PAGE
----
a – 62% of respondents or one of their relatives were arbitrarily detained by the regime’s security services,
b – Forced conscription into Assad’s forces is rampant, especially in areas integrated under “reconciliation agreements”, where up to 75% of those interviewed or their family members were wanted for recruitment. Conscripted fighters are almost inevitably sent to the most dangerous frontlines,
c – 64% of all those who were forced to leave their home, or had left areas that were later retaken by the regime, had to pay for non-existent services for all periods when these areas were out of its control, or when the returnees were out of the area,
d – Two-thirds of the interviewees stated that they live in constant fear of arrest or harassment from the security services and various militias,
e – Most returnees are systematically denied the right to their property in an openly retaliatory manner, especially in areas where the regime has seized control by force, as regime officials know that one of the key reasons they returned was to officially document their property to ensure it is not lost.
Well, one should not expect something different in areas formerly run by Kurdish SDF forces, once their self-government rule has vanished.
“Putinism” and the return of the 1930s’ atmosphere
Those who compare the Syrian civil war with the Spanish civil war of the ’30 are tremendously right. Former Le Monde director Natalie Nougayrède writes: “Western and European defeat in Syria (by which I mean political and moral, not just military defeat) has parallels with the 1930s when democracies were unable or unwilling to stand up to authoritarians when it mattered, or even to play any kind of meaningful role in preventing a catastrophe that would soon enough engulf them, too”. How the strongmen of authoritarian regimes (Russia, Iran, Turkey) have been able to carve a major new geopolitical area of influence in the Middle East is not the point, at this stage where Syrian people have lost everything and Damascus’ clan, one of the most sanguinary dictatorships ever, has been rescued and re-legitimized. The point is that they have proved that liberal democracy can be isolated, contained and deconstructed, and their model for nationalism and expansion based on brute force can become the leading political stream of this century. They are proving to be able to offer an alternative to the doctrine of liberal values, democratic rule and human rights. In a world of fear, technocracy, ecological collapse, fragmentation and disinformation, the authoritarians are offering stability through identitarianism, militarization, scapegoating, order and annihilation of dissent, without renouncing to the benefits of rampant capitalism and the control of natural resources.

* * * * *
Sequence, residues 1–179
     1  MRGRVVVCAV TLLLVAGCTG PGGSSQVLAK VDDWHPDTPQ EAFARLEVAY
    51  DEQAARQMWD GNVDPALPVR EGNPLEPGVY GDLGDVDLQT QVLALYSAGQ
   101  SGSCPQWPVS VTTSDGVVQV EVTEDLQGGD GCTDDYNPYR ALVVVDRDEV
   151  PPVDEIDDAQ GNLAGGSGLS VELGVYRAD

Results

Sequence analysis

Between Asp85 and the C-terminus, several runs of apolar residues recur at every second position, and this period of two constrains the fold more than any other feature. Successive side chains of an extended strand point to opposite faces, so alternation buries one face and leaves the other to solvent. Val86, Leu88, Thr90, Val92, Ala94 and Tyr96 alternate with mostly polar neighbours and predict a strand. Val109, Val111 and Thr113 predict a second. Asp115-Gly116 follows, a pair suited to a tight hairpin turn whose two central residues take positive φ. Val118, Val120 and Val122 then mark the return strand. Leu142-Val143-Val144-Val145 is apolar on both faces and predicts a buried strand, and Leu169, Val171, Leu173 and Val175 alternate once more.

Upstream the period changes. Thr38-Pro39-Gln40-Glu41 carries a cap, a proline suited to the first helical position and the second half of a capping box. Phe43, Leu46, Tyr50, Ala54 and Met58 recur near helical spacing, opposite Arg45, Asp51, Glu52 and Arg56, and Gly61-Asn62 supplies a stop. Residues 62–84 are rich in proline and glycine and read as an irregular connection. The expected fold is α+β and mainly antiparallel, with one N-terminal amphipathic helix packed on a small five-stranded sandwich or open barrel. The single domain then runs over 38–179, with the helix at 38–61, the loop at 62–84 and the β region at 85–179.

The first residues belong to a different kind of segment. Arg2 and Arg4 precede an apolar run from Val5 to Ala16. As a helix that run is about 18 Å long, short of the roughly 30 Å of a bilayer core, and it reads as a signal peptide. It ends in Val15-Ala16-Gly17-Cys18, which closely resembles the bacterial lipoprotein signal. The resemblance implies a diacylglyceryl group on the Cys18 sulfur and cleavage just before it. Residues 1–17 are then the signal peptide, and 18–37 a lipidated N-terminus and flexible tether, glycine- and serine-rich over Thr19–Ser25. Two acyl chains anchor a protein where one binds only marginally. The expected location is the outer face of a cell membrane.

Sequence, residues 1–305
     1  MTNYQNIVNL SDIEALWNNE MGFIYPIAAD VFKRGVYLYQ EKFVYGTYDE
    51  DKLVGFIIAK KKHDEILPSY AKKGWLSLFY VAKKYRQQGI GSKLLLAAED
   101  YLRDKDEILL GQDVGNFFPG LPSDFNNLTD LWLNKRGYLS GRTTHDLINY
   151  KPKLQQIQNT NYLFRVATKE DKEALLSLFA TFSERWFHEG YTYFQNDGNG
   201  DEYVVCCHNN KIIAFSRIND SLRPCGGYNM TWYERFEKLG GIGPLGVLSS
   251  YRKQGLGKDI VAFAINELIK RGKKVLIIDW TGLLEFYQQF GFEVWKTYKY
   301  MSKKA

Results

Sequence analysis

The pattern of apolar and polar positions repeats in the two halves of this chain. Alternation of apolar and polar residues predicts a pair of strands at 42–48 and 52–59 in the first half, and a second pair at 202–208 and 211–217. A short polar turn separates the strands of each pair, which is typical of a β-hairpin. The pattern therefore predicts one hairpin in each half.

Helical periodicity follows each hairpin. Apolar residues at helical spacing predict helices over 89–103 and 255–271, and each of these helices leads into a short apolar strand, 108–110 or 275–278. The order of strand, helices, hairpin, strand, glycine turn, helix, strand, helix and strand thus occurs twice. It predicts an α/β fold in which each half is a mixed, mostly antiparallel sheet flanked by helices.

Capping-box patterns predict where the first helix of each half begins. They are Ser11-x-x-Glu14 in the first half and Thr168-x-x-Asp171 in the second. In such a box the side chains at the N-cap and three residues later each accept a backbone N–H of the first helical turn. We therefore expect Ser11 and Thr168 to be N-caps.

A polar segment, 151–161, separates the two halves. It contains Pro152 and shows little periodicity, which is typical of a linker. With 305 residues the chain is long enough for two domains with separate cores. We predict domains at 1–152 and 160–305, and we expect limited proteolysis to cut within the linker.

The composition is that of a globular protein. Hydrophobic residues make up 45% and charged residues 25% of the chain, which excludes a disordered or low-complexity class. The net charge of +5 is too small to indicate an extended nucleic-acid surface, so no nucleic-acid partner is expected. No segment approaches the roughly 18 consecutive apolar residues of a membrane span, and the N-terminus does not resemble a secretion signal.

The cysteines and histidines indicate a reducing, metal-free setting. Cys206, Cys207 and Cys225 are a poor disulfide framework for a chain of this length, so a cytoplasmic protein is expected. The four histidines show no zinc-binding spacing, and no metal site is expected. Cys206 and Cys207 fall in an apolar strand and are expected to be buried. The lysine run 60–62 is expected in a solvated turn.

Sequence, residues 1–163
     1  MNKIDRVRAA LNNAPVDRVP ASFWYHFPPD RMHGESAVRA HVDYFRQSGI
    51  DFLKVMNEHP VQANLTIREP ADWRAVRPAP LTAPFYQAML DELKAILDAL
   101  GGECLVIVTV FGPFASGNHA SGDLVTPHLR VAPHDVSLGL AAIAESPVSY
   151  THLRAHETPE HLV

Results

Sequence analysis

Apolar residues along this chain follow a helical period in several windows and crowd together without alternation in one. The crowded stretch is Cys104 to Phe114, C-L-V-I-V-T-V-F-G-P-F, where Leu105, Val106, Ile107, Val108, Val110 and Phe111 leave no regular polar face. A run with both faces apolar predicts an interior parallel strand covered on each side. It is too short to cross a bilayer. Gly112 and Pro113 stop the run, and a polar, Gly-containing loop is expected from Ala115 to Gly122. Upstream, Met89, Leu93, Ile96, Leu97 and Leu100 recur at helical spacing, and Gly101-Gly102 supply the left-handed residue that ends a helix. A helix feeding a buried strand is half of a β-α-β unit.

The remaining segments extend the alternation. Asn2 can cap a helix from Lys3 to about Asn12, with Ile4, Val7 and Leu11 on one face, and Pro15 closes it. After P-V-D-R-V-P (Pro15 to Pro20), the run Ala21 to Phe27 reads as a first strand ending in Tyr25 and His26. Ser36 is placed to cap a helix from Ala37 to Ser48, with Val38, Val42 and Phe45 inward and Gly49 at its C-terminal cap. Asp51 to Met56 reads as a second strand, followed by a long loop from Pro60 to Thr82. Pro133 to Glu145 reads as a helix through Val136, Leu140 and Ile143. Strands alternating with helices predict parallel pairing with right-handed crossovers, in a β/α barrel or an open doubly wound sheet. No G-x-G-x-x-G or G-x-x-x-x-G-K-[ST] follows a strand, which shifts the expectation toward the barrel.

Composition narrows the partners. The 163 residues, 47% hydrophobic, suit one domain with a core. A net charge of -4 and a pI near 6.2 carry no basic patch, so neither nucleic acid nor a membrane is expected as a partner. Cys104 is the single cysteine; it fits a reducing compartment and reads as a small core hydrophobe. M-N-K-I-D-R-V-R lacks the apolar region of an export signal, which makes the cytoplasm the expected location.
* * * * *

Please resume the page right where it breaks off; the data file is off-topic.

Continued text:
Is that the world order where we want our children to grow up in? It is as if the cradle of fascism moved further to the East, from the geographical triangle including Spain, Italy and Germany to the bloody alliance between Russia, Iran and Syria, with the complicity of other regional powers, who prefer neighbouring repressive governments to the popular free expression of self-determination. The level of crimes perpetrated in the name of the Raison d’État in these years in that part of the world is so profound and has been so effective but tolerated that crime has became a legitimate practice to hold power. Egyptian security apparatus, the Yemen War, the shrinking space for civil society in many countries, Crimea’s annexation, the persecution of Muslims in Asia, or the return of systematic killings by police forces or their protégés in Brazil and Central America, all these developments feel legitimated by the new doctrine. And Europe, who has been passively suffering all the dramatic consequences of the “Syrian dis-order”, from large-scale terrorist attacks to the dramatic wave of refugees, is heading for facing local emboldened nationalist, illiberal or fascist parties who praise Moscow, Damascus, Cairo, Abu Dhabi or Riyadh. And a coalition between those illiberal States and European parties such as German Alternative für Deutschland, French Front National or Italian Lega Nord is not any longer science-fiction: financial support, common discourse (with the formal exception of the anti-Islam narrative) and courtesy visits are a daily reality. One of Putin’s aides describes this doctrine as “Putinism”, and he believes it to be the ideology of the future, to be for the twenty-first century what Leninism was for the twentieth.